I joined this forum to understand why people have come to the choices they have in living their life in the way they have chosen.
Amongst other lifestyles veganism is one that appears to be increasingly popular and one which I have given some thought to.
The problem is though I find some of the reasoning behind it at best confusing and like other extreme lifestyles more emotionally driven then based on sound reason.
To start with I'll list what I believe are the main tenants of veganism and if I am any way incorrect with this information please let me know.
* To not use in any way a product of or produced by a living creature.
* Further more to not be involved in the mistreatment or exploitation of a living creature.
In regards to these two statements then I wish to know how a vegan would respond to these questions.
1. What differentiates one living organism from another to make one acceptable to consume and the other not?
2. If an animal derived product is made available to consume/use that results in zero exploitation or mistreatment would it be then acceptable?
3. What differentiates the acceptability of mistreatment/exploitation of one living organism from another?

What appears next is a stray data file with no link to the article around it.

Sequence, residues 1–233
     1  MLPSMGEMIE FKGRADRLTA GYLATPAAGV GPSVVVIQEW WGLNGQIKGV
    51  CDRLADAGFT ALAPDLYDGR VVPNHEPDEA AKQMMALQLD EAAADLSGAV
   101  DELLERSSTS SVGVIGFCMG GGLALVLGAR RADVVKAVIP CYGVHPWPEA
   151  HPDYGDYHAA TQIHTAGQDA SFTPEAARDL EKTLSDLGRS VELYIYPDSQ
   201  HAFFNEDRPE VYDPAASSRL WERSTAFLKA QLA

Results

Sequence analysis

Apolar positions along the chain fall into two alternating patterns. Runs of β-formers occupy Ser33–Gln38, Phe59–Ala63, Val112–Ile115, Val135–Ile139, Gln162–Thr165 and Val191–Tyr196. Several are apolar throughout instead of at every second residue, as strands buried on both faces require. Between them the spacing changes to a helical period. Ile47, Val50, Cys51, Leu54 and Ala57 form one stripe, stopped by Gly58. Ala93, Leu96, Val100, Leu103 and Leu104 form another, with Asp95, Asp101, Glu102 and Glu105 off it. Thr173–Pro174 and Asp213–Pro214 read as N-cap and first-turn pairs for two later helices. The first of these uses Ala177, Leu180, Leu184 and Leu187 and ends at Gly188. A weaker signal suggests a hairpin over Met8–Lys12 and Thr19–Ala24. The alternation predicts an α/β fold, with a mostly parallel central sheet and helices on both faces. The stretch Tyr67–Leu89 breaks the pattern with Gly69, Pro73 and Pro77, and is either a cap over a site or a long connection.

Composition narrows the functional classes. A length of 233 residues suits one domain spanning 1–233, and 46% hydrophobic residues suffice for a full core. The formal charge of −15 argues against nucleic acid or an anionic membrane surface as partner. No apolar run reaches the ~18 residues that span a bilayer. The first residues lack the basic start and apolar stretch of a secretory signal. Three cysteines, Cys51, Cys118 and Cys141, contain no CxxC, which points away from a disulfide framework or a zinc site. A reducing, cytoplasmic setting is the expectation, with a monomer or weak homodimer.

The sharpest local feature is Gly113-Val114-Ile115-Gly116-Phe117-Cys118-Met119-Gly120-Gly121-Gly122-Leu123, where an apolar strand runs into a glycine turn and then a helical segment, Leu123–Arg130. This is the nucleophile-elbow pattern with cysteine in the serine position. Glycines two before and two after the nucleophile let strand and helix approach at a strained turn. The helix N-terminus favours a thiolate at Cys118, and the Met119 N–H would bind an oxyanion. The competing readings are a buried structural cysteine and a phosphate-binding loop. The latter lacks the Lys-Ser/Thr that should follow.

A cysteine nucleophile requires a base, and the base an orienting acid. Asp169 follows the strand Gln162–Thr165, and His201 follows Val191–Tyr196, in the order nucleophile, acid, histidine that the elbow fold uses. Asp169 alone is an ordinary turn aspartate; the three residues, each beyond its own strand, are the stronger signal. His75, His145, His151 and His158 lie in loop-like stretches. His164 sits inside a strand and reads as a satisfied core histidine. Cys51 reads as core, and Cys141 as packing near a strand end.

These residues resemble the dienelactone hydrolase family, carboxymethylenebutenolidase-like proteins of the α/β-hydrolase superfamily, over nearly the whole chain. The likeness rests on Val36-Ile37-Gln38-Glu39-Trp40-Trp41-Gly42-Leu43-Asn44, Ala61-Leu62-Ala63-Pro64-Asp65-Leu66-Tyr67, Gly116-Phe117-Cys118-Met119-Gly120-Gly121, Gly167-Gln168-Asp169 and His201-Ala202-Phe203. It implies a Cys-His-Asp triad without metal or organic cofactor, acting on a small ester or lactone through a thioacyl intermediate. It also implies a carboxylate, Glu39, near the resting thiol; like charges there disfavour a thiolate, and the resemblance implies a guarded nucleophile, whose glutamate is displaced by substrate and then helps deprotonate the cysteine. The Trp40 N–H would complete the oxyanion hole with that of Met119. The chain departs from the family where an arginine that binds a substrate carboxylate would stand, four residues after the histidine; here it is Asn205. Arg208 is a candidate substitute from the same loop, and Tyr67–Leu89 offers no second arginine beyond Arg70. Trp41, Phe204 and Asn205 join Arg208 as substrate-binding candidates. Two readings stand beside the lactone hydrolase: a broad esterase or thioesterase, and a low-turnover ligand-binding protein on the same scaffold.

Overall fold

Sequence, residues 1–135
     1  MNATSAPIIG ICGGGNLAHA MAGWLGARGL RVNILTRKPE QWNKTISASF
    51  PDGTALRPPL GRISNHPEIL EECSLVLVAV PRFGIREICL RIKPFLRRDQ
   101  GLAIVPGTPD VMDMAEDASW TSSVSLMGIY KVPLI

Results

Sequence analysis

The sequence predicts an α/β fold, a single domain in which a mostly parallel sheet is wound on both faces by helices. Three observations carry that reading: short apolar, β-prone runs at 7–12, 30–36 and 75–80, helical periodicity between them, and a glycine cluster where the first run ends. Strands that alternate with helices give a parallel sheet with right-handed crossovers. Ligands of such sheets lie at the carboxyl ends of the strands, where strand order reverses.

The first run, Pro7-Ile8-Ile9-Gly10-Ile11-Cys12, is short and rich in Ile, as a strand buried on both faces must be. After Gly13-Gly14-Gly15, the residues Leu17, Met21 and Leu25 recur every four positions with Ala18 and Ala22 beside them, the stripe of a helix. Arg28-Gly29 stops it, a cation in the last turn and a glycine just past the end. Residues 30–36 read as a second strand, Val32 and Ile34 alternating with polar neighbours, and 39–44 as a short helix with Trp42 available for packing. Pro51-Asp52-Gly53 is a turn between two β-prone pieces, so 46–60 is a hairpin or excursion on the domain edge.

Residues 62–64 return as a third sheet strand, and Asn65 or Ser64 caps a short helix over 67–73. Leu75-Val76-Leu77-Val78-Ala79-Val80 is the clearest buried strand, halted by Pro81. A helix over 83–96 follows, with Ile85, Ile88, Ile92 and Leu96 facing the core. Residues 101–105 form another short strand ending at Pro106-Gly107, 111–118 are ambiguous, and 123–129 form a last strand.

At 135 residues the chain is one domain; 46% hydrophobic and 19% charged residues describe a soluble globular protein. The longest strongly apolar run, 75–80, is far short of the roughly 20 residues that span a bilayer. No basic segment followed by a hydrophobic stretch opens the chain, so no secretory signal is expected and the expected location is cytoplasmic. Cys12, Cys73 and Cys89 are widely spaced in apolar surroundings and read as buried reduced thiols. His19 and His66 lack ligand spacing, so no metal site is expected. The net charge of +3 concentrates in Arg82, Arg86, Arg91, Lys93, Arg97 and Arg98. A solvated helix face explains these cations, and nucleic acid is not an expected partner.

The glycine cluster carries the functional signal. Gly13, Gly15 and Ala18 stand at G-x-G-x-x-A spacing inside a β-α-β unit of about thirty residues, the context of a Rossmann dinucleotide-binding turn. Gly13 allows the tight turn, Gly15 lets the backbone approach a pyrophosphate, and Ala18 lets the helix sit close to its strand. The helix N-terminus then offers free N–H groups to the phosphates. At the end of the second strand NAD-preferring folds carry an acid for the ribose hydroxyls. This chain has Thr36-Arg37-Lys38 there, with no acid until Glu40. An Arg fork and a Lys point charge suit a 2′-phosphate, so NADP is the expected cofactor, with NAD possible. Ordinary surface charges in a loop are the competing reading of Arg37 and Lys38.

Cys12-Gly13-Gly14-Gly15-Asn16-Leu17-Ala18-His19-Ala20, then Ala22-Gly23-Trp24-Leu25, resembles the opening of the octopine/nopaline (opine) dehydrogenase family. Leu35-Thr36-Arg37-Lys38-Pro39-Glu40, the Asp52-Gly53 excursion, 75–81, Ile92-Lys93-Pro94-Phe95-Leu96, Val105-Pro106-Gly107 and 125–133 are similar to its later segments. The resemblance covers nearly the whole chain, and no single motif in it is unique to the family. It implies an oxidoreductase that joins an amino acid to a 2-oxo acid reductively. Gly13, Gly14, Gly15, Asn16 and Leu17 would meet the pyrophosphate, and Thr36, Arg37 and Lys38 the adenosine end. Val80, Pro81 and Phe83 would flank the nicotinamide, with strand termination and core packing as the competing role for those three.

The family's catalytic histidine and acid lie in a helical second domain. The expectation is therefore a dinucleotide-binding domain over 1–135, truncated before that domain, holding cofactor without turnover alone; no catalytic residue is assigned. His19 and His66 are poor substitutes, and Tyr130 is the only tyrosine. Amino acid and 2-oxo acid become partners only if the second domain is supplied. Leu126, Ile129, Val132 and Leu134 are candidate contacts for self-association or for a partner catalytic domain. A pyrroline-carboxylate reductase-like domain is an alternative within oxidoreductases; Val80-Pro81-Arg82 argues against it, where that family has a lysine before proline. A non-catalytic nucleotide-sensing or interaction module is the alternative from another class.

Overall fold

Look forward to your replys,
Posted by shearwater at 12/06/09 16:49:34I'm always glad when people ask questions about how society treats animals. Like most of us I became vegetarian, then vegan, because I started asking questions.
Your question though about what differentiates one living organism from another is rather vague. Are you referring to the difference between companion animals like dogs and cats compared to animals farmed for food? All animals - dogs, pigs, birds, cows - feel pain and fear similar to human animals and are not, as some people believe, mere living machines.
Or are you implying there's no difference between plants and animals? Cutting a carrot is not the same as cutting a cat. Plants lack the brain and nervous system members of the animal kingdom have. Nor have plants evolved ways to deal with pain, such as fleeing. If your concern about plants is genuine, to reduce plant suffering it's better to be vegan. Meat eaters kill more plants than plant eaters because most crops are grown to feed livestock, not people.
A vegan tries to survive doing as little harm as possible. There is no way to commercially produce animal products, and few ways non-commercially, without exploitation. I could gather feathers molted by wild birds to make a pillow but by doing so I would help create a demand. To meet the needs of everyone who wanted a feather pillow would lead to exploitation. A cow can live 20 years, a chicken 10-15, but when forced to produce extra milk or eggs for humans are usually worn out and sent to slaughter after only a few years, if they survive that long.
Being vegan can be for emotional reasons as you suggest. But there's so much more. By doing a little research I'm sure you'll find all the health, environmental, and world hunger/poverty reasons why being vegan makes so much sense and is the moral choice for people who care not just for animals but for people as well.